- The first AI simulator of the Universe is both fast and accurate.
- The AI model can simulate a 600 million light-years wide Universe in 30 milliseconds with a relative error of 2.8%.
- It’s quite surprising that researchers don’t know how this simulator works under the hood.
To explain the evolution of our Universe, scientists require a large number of simulations to extract the information from sky observations. The process involves evaluating billions of particles with an accurate physical model over a huge volume over billions of years.
Astrophysicists typically use an approach called N-body simulation to predict structure formation of the Universe. However, the method is computationally expensive.
Now, a team of researchers in the United States has developed a new model — an alternative to N-body simulations — to generate complex 3D simulations of the universe. It uses deep learning techniques to output much more accurate results in far less time.
Deep Density Displacement Model
The neural network named Deep Density Displacement Model (D3M) is trained on a single set of cosmological parameters.
Along with providing fast and accurate results, it could precisely simulate how our universe would look if specific parameters were changed (for example amount of dark matter in the cosmos), despite the fact that the model was never trained on data where those parameters varied.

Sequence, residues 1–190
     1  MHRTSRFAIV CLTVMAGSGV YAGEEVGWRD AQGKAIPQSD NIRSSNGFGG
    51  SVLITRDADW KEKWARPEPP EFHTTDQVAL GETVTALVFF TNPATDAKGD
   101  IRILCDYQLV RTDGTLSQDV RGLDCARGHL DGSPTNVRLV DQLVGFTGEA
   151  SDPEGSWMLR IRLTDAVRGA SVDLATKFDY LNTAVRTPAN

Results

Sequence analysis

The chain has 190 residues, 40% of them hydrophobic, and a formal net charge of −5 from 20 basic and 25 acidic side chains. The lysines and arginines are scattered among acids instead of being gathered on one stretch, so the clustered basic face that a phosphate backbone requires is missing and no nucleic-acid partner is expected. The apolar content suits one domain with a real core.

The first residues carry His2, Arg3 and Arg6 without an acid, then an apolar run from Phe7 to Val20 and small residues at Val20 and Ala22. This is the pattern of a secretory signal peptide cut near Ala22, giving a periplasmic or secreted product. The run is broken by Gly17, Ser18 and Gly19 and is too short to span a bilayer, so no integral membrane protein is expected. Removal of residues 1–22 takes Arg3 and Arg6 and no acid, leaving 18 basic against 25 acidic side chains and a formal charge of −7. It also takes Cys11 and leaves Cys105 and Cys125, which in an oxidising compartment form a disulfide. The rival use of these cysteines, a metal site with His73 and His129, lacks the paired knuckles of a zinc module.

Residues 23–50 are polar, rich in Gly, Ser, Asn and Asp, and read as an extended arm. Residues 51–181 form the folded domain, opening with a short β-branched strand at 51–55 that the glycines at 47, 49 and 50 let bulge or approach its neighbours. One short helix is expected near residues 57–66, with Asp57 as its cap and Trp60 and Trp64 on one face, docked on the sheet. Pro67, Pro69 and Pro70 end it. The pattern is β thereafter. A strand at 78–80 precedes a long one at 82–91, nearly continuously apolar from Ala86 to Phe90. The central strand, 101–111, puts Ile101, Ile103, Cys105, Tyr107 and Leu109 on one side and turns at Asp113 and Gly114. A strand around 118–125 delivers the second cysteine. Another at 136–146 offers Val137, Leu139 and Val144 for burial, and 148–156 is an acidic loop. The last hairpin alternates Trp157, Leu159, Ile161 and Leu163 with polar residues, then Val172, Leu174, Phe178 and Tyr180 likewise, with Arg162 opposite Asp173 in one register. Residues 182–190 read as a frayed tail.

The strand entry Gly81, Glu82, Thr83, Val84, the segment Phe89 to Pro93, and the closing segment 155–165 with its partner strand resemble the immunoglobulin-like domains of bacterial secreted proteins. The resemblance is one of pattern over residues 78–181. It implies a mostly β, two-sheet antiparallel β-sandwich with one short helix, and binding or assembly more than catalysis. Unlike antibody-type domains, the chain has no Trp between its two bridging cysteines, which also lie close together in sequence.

“It is like teaching image recognition software with lots of pictures of dogs and cats, but then it is able to recognize elephants.” – Shirley Ho, co-author of the research paper.
D3M models the effects of gravity (the most important force) on our Universe. It computes how this force shifts billions of individual particles over the entire evolution of the Universe.
Researchers trained D3M on about 8,000 different simulations from most precise existing models. The deep neural networks that power D3M gradually learned to yield more accurate results in less time.
Once the model was trained, astrophysicists ran simulation of a square-shaped universe 600 million light-years wide. They then compared the outcomes with existing state-of-the-art models.
The accuracy comparison of the new model (D3M) and N-body simulations generated by second-order Lagrangian perturbation theory (2LPT). The average displacement error in millions of light-years is represented by different colors in the grid.
While the accurate-yet-slow method took hundreds of hours to simulate the universe and fast approach took a few minutes, D3M ran the simulation in just 30 milliseconds.
Compared to the existing fast approach that had a relative error of 9.3%, D3M yielded more accurate results with a relative error of 2.8%.
What really makes this model special is its exceptional ability to handle cosmological parameter variations that weren’t included in training datasets.
In the next study, researchers will try to model other forces as well, including hydrodynamics. The complexity of the model can be further improved by adding higher-resolution simulations.
Moreover, they will analyze the D3M’s working mechanism to see why it extrapolates so well. This could be really beneficial for the advancement of machine learning methods.